She told me the only thing she could do for me was recommend I read some books on how to be a happy-clappy rainbow puker, because I was too intelligent for her to be dealing with. I declined, and told her I’d already found enough of my own reading material to know that she didn’t have a clue.

During reunion, I saw the college counsellor, but I’m not someone she could deal with. We mutually parted company.

And then there was Chase Wellbeing (after another round of doc/cpn interviews). Oh that was a joy. That’s where I encountered a professional telling me that I should just be grateful to be adopted, because things could’ve been worse if I hadn’t been. I told her point blank to never ever ever try to counsel an adoptee ever again because she’s too dangerous.

I offered her reading material, but she declined.

I’ve since tried to get funding to get help off Adoption Support, but the doctor and LHA won’t fund it. So I tried calling After Adoption, who said all they can do is tell me to call Adoption Support, as that’s the organisation that deals with my area.

I’ve even asked the local council’s adoption worker that I saw when trying to get records of my adoption if she can help get me any help, but she didn’t/wouldn’t/couldn’t.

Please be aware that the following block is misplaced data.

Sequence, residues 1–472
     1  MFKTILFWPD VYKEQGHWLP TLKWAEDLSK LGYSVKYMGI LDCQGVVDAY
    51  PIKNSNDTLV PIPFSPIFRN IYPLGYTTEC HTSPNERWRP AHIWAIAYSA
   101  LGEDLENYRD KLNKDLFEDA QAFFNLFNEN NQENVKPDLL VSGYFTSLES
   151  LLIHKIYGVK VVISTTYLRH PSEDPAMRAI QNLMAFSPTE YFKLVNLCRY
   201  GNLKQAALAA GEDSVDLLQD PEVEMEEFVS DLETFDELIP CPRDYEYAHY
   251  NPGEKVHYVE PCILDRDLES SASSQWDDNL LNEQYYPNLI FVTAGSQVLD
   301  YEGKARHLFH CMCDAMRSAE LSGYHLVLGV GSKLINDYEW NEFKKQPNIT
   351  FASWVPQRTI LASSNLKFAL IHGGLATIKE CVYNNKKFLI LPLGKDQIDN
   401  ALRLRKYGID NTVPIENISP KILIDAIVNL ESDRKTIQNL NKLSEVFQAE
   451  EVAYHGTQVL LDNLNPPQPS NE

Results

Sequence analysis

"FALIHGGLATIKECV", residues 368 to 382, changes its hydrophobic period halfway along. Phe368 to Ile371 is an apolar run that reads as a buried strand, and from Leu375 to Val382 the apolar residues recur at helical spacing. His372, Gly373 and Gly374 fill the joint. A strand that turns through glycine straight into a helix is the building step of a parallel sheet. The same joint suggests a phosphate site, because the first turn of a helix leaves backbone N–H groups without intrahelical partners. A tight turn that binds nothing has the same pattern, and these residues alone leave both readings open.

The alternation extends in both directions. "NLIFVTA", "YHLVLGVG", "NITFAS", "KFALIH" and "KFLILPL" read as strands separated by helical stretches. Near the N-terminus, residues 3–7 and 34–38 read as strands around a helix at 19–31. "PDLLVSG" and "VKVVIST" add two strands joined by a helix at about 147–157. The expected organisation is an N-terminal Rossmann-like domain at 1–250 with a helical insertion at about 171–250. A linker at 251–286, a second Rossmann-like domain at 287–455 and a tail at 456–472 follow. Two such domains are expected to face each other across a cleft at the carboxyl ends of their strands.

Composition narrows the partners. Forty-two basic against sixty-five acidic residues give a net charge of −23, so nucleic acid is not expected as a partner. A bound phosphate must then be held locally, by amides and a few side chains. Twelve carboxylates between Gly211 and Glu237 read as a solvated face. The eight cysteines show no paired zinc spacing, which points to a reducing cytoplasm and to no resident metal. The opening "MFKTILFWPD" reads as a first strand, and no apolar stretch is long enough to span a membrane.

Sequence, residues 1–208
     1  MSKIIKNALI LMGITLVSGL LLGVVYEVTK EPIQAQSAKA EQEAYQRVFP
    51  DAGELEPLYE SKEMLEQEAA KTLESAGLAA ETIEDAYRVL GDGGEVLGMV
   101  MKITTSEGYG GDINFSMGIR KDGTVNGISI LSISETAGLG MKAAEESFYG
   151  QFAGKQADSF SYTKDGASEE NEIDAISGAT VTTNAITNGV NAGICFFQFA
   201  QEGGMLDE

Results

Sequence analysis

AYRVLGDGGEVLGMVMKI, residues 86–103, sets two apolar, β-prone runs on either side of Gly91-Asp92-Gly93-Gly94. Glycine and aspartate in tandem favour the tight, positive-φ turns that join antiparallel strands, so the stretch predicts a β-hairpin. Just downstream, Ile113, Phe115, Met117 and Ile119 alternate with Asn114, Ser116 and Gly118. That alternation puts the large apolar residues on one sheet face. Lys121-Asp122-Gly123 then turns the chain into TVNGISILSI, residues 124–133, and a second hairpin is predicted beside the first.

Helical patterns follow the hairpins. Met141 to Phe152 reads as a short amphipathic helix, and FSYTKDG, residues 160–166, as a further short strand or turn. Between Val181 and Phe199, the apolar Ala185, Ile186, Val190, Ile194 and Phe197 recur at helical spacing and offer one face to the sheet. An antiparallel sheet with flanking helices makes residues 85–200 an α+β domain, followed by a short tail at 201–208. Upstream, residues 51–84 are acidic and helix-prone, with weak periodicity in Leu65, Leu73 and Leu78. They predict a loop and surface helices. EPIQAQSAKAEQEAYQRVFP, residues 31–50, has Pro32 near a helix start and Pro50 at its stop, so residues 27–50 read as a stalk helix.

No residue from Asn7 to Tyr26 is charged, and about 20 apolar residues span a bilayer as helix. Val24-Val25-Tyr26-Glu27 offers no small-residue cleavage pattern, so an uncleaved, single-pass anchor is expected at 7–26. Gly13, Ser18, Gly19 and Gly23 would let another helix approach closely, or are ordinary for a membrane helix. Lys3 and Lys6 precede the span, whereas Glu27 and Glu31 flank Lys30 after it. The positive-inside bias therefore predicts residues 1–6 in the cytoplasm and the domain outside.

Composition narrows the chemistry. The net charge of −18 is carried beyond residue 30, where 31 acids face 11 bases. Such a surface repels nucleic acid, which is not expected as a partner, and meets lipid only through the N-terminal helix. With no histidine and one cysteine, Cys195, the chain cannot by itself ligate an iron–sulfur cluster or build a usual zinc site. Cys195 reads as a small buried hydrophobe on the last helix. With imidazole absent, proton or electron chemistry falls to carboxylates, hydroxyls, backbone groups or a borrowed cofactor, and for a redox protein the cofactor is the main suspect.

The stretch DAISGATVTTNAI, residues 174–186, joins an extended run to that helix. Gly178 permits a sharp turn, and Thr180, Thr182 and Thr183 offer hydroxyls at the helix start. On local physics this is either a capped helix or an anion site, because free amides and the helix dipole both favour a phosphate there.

So I’m left here still cracking up whilst trying to hold it together enough in life to be able to do something. Anything.

I did post, a while back, that I could take the fight to get help to the media, but tbh, I’m not all that sure they’d listen. Adoptees are expected to be screwed up, but *yours* will /never/ grow up to feel like that. Bullshit. But I’m too tired, and too busy concentrating on trying to get through living the life I’ve got, to have time, headspace, and energy to try to fight the world.

I’m raging at the moon, and no-one gives a shit because it’s not important enough.

Of course, if I became an alcoholic, then I’d get no end of help, but I currently can’t afford to do stuff like that.

Written by 7rin

Fri, 31 December, 2010 at 1:22 am

Adopted Headology

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Grand Blanc mother who made headlines for transracial adoption 10 years ago now struggles caring for adopted daughter with special needs

^That’s the article that finally spurred a thought into the front of my mind that I know has been sat swishing around in the background for the past week or so, because I’ve been able to know what it was without being able to word the connection. Strangely how simple it seems now that I’ve thought about it.

The thought was something I put to Time to Change.Org‘s Fakeblag page:

http://www.mlive.com/news/flint/index.ssf/2010/08/grand_blanc_mother_who_made_he.html

Whilst the story is from America, it does make me wonder (since I’m having to fight to try to get my own post-adoption counselling):
*Adoptees face significant mental trauma, all while having to deal with society’s expectation that we “should be grateful” for the occurrence of our adoptions.
**Where does Time to Change stand on helping adoptees to fight to get relevant post-adoption counselling?

Since post-adoption trauma is extremely prevalent, as well as requiring specialist knowledge from the psych’ in dealing with adoptees so as not to not do more damage, I’m thinking that some support from the mental health advocates could help at least some of us.

Written by 7rin

Tue, 24 August, 2010 at 12:49 am